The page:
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US4630609A (en) * 1981-05-14 1986-12-23 Thomas J. Fogarty Dilatation catheter method and apparatus
US4820270A (en) * 1982-10-08 1989-04-11 David Hardcastle Balloon catheter and process for the manufacture thereof
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US4995868A (en) * 1988-10-12 1991-02-26 Bard Limited Catheter
US5019042A (en) * 1988-11-23 1991-05-28 Harvinder Sahota Balloon catheters
US5213577A (en) * 1989-12-22 1993-05-25 Michael Kratzer Device for examining the functions of the endothelium or the intima of blood vessels
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Cited By (65)

* Cited by examiner, † Cited by third party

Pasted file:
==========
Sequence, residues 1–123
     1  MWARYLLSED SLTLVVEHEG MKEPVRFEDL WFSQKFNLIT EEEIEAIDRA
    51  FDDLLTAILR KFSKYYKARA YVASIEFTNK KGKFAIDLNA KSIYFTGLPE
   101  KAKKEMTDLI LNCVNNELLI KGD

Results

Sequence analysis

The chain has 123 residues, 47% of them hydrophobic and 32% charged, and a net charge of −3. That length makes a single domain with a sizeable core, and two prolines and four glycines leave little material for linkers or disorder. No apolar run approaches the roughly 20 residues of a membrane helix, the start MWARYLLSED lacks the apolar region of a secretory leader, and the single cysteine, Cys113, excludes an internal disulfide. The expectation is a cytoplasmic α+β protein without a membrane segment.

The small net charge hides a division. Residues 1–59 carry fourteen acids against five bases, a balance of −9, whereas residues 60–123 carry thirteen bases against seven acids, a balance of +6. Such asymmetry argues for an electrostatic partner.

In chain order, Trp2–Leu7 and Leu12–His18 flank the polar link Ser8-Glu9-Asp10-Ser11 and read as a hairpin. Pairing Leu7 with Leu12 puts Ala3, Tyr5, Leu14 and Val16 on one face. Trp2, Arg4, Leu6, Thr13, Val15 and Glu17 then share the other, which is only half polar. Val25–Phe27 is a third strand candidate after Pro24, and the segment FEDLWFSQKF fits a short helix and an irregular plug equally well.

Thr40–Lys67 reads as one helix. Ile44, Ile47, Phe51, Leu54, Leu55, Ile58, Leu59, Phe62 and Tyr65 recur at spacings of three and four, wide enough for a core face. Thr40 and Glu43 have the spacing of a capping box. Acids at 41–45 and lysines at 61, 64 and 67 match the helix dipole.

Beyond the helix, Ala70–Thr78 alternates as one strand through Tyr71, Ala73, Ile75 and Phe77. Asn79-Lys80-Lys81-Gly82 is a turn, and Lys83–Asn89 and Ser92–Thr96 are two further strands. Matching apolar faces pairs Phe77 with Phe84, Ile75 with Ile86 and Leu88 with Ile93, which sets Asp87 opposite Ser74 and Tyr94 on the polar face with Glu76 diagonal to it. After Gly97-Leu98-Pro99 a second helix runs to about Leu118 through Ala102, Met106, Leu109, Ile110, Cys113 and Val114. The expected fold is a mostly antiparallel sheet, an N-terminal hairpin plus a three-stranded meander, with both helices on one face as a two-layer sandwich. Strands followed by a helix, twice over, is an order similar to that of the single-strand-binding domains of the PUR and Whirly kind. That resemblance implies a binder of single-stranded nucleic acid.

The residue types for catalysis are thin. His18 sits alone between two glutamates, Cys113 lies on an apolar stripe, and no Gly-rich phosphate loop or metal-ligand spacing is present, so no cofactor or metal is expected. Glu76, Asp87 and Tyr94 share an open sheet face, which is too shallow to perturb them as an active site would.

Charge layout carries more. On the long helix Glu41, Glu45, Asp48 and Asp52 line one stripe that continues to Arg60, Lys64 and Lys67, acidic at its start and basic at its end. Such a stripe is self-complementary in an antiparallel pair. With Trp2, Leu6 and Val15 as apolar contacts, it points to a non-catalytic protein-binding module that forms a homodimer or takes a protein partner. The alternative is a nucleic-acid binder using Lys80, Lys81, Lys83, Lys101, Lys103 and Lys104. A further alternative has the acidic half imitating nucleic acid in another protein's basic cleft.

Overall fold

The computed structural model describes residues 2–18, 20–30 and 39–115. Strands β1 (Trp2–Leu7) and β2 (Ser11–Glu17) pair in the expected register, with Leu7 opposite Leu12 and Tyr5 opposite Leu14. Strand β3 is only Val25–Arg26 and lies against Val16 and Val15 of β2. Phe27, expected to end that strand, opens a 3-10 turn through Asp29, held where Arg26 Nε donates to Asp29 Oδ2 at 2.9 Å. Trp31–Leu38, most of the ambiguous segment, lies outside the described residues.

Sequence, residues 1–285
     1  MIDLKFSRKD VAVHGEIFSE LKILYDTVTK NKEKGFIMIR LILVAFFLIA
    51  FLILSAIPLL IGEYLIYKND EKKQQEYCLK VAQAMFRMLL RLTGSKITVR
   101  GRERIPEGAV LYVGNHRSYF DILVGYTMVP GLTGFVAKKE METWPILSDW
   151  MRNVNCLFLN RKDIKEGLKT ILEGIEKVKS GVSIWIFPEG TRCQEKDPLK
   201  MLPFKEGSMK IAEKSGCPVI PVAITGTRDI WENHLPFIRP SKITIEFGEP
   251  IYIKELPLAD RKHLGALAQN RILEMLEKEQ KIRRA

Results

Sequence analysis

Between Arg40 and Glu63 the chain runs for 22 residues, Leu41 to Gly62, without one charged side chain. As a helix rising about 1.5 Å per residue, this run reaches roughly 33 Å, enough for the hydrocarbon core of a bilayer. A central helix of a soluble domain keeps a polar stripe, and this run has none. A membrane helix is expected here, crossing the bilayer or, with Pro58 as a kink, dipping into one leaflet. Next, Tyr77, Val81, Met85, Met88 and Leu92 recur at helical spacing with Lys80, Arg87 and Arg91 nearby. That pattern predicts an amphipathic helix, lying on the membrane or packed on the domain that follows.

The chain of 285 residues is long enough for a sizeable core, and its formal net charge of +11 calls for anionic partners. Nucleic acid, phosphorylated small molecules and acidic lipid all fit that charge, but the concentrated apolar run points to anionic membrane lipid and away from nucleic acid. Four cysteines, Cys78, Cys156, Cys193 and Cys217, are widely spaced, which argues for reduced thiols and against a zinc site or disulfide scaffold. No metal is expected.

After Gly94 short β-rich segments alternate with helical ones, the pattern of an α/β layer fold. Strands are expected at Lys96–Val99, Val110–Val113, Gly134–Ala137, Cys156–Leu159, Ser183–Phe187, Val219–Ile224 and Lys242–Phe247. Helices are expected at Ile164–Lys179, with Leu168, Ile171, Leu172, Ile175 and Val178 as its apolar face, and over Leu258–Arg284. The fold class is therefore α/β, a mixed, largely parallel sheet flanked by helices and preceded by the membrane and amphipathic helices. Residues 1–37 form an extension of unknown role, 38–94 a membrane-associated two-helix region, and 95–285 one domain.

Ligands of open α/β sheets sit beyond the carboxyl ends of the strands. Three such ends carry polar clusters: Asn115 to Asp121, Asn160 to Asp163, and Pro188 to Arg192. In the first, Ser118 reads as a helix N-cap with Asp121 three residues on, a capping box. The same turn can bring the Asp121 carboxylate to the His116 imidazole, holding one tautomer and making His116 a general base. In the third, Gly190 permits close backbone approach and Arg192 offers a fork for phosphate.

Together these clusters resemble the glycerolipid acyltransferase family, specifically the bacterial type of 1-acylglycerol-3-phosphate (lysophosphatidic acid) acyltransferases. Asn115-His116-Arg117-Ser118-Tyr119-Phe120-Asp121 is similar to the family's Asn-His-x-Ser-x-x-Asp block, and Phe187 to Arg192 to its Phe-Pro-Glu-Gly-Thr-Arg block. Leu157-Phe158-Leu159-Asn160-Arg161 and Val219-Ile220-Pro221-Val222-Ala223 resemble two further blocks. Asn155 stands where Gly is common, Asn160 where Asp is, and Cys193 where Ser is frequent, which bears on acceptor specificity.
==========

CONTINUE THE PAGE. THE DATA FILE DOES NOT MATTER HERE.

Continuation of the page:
Publication number Priority date Publication date Assignee Title
US5618266A (en) * 1994-03-31 1997-04-08 Liprie; Samuel F. Catheter for maneuvering radioactive source wire to site of treatment
US6283940B1 (en) * 1997-08-29 2001-09-04 S. Grant Mulholland Catheter
US20040260333A1 (en) * 1997-11-12 2004-12-23 Dubrul William R. Medical device and method
US9498604B2 (en) 1997-11-12 2016-11-22 Genesis Technologies Llc Medical device and method
US20100114113A1 (en) * 1997-11-12 2010-05-06 Genesis Technologies Llc Occlusion Remover and Method
US20100030256A1 (en) * 1997-11-12 2010-02-04 Genesis Technologies Llc Medical Devices and Methods
US9186487B2 (en) 1997-11-12 2015-11-17 Genesis Technologies Llc Medical device and method